Geef een of meerdere zoektermen op.
Gebruik dubbele aanhalingstekens om in de exacte woordvolgorde te zoeken.

Congo. A history

Based on hundreds of oral history interviews

There is hardly a more troubled nation at the beginning of the twenty-first century than Congo, the giant country in the heart of Africa, bursting with resources indispensable in our modern age – as well as horrific conflicts. How could Belgium’s former, relatively peaceful colony, independent since 1960, change so much?”


David Van Reybrouck describes the bewildering history of Congo, from well before the arrival of the explorer Stanley to the influence of China in the last decade and the recent economic crisis. Van Reybrouck draws not only on rare archival material and groundbreaking research, but above all on hundreds of oral history interviews he conducted with Congolese people. His eyewitnesses range from centenarians to child soldiers, from rebel leaders to smugglers, from ministers to cassava sellers. Their stories the author has integrated into his great history.


More information on the book and David van Reybrouck can be found here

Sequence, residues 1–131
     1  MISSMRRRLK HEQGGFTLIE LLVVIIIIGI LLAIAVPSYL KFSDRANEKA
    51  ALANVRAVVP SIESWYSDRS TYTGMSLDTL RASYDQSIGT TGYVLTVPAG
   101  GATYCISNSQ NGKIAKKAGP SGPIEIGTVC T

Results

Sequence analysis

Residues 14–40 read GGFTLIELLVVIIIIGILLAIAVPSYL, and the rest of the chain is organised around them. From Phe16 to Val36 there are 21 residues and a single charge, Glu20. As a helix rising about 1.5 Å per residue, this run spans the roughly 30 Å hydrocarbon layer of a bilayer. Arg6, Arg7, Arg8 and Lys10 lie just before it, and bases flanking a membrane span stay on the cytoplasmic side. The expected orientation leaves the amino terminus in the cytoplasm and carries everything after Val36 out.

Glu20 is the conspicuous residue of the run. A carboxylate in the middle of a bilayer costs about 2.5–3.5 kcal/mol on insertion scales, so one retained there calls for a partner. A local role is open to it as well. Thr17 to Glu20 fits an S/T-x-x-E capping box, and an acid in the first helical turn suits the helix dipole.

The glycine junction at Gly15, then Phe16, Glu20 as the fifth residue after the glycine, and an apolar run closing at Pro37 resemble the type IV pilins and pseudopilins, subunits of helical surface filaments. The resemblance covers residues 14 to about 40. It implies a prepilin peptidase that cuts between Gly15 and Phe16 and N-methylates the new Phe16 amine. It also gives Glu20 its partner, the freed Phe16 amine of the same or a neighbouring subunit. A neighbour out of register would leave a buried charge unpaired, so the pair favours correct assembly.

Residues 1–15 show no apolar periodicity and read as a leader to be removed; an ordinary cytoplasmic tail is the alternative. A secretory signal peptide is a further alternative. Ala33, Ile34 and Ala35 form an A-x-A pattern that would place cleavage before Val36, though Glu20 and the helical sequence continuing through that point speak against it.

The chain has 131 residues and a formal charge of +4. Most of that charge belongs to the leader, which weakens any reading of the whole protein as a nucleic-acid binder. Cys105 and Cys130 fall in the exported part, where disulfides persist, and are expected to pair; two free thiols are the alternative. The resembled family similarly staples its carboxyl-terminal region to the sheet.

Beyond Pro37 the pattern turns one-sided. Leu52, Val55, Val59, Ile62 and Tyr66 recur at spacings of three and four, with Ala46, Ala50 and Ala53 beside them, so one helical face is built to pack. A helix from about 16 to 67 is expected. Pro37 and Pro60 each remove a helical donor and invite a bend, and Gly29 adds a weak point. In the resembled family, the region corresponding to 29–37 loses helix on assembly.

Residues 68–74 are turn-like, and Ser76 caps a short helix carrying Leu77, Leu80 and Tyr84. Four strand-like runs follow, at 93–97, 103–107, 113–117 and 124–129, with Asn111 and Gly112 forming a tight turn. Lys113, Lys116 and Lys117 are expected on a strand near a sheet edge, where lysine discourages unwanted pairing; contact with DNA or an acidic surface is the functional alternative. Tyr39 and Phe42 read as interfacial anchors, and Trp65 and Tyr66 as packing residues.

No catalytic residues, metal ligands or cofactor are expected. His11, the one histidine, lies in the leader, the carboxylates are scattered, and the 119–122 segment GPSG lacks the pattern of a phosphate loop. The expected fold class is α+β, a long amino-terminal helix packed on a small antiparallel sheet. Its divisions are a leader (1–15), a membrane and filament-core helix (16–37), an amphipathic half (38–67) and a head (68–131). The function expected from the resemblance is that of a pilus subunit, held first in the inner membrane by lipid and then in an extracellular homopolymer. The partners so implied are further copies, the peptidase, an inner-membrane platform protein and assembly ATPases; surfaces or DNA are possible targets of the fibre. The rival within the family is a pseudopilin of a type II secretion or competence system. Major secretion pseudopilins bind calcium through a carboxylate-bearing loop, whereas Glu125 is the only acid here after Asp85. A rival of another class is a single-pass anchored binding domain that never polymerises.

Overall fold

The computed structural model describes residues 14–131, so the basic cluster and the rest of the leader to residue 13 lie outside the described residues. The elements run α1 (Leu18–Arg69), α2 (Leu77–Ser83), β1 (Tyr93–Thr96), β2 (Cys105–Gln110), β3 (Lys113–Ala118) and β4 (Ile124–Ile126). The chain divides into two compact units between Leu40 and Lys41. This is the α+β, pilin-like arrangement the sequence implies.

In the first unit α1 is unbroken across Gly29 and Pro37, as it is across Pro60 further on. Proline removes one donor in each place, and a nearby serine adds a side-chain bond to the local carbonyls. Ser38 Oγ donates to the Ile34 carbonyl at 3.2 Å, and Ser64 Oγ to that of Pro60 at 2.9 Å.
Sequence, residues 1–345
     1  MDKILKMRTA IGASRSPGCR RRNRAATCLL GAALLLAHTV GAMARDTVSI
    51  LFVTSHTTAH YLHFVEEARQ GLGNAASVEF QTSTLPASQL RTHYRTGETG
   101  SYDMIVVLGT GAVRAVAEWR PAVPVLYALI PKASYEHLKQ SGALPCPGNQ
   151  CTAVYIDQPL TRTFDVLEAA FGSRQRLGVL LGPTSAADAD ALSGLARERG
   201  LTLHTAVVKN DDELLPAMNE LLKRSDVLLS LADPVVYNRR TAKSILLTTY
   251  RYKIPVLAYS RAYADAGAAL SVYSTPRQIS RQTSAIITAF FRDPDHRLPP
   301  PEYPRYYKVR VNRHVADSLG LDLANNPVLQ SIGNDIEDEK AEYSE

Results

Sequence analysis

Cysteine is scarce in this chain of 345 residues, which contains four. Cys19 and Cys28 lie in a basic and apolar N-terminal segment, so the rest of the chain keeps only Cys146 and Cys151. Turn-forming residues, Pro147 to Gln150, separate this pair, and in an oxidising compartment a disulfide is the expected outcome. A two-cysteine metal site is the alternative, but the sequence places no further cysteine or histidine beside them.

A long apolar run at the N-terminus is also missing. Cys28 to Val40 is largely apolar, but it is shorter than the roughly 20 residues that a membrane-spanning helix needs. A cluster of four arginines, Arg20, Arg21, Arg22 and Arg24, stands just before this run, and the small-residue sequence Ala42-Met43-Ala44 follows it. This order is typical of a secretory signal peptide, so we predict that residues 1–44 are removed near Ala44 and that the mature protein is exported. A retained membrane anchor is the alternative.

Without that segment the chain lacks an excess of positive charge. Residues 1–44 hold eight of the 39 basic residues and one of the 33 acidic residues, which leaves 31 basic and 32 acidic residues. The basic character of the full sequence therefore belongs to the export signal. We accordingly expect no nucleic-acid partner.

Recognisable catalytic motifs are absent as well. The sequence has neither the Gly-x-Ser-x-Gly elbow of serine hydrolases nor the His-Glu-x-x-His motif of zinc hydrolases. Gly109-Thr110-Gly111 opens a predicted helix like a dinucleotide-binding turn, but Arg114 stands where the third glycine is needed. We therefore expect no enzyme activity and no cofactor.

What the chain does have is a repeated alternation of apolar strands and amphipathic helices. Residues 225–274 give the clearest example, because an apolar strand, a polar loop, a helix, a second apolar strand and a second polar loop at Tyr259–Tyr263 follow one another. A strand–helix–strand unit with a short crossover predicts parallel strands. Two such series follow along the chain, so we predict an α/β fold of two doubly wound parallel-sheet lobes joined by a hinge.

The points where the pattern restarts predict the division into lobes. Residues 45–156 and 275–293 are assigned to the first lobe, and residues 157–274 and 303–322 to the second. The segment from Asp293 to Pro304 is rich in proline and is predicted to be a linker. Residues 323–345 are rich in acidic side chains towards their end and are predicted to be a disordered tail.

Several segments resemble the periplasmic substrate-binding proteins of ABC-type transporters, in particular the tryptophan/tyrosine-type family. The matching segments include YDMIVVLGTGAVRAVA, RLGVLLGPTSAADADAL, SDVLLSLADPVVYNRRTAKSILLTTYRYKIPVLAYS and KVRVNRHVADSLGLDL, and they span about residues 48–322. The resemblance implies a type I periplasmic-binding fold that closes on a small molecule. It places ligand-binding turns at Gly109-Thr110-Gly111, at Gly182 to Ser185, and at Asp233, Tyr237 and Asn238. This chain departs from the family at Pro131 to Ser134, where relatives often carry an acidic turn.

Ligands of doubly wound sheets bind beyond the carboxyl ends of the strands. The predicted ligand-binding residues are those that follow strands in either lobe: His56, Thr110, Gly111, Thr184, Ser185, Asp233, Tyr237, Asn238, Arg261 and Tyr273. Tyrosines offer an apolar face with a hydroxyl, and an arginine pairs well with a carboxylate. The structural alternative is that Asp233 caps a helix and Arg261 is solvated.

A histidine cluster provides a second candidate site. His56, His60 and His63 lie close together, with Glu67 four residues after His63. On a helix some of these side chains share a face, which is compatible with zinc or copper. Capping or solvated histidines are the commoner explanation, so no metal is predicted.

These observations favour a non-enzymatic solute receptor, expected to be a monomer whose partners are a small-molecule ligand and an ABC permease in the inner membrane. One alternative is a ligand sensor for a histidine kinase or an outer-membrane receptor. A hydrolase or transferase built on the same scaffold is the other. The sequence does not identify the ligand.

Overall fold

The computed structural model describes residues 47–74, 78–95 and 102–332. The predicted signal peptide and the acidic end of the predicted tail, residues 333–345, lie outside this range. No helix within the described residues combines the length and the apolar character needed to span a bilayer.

BIAK stories

In a cinematic installation (read more

about this exhibition at Museum Sophiahof here), Verhoeckx depicts a secret love story, based on the story of her parents, against the background of the decolonization of Dutch New Guinea. She creates a new narrative through the associative use of historical image and sound material from various archives and her parents’ private collection. 

During this afternoon we look at the use of historical image and sound material by a number of filmmakers in telling the history of the decolonization of Dutch New Guinea. What kind of material do the makers use? What are the stories behind this material? What do we actually see? And how do the filmmakers use the archival material to tell their own stories? 


© Piet ter Laag